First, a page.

New laws to combat opioid epidemic in effect

Michigan

GRAND RAPIDS, Mich. (WOOD) — Several Michigan state laws regulating opioids went into effect on Friday.

The laws are part of 10 bills signed by Lt. Gov. Brian Calley last year with a delayed effective date. Some of them took effect in March, with more of being rolled out Friday.

“We’re all about doing no harm, and this legislation will assist us in preventing the harm,” said Dr. Ken Fawcett, vice president of Spectrum Health Healthier Communities.

It will make some changes to the way narcotics are prescribed. The idea is to keep patients safe, make sure they are well informed about their medications and keep unused pills off the streets.

“The medical industry didn’t cause the opioid crisis, we certainly were a contributor though,” Fawcett said.

One of the changes requires doctors to run a Michigan Automated Prescription System query before prescribing narcotics. The query checks if the patient is receiving prescriptions from other doctors.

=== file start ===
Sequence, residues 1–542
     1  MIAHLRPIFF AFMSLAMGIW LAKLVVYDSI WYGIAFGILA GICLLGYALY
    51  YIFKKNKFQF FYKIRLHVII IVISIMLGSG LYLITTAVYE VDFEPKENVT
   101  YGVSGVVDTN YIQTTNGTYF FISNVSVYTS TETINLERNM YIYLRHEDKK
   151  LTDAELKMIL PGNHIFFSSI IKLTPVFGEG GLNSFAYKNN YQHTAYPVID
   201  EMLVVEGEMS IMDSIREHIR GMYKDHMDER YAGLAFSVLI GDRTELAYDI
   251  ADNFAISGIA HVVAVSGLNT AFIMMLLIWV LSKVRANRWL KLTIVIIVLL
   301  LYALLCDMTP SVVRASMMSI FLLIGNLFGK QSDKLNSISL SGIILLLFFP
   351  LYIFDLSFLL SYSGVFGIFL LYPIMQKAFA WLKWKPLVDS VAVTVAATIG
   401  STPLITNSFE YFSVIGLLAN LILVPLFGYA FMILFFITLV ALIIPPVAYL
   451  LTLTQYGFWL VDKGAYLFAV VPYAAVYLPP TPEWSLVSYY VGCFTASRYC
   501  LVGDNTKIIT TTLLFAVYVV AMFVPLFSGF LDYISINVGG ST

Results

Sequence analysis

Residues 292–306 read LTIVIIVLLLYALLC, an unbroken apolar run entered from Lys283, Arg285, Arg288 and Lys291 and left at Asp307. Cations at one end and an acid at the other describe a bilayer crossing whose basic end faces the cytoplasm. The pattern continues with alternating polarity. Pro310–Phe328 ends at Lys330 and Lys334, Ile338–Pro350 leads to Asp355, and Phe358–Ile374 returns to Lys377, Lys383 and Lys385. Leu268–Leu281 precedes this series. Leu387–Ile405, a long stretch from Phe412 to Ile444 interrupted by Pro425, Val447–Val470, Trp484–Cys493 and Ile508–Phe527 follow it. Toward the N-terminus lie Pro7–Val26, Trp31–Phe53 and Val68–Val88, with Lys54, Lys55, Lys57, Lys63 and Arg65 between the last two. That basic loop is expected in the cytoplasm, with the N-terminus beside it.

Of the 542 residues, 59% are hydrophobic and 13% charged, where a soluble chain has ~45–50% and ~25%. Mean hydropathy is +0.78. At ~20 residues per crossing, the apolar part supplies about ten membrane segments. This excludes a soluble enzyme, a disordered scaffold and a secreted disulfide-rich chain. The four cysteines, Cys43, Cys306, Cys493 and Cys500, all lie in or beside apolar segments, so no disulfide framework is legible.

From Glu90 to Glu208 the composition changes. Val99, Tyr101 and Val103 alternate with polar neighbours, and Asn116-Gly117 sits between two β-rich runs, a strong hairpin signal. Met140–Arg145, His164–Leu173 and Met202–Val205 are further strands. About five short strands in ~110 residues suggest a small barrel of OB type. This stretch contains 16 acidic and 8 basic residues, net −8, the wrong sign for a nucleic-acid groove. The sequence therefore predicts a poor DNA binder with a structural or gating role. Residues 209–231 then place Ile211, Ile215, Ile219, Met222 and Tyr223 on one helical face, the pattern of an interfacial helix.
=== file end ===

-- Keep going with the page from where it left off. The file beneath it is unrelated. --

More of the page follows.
Before Friday, the check was optional.

“We have to do MAPS queries when we’re prescribing a controlled substance, effectively this allows us to look and see who else has been prescribing for that particular patient,” Fawcett said.

The check will prevent doctors from prescribing medications that might be contraindicated. It will also prevent doctor shopping, where patients with substance abuse disorders jump from doctor to doctor looking for narcotics.

There are more changes on the way next month.

“For the treatment of acute pain, prescriptions are limited to a seven-day duration,” Fawcett said. “As we are prescribing a quantity, we’ll oftentimes auto-populate for any given prescription drug. Typically, a month has been the default.”

A patient could walk out with more pills than they need, which can cause problems. Fawcett said 78 percent of prescribed pills don’t get used, which could lead to more pills on the streets.

The new regulations are about preventing new generations of people with substance abuse disorders.

More information on the new laws and their meaning can be found on the state’s website.

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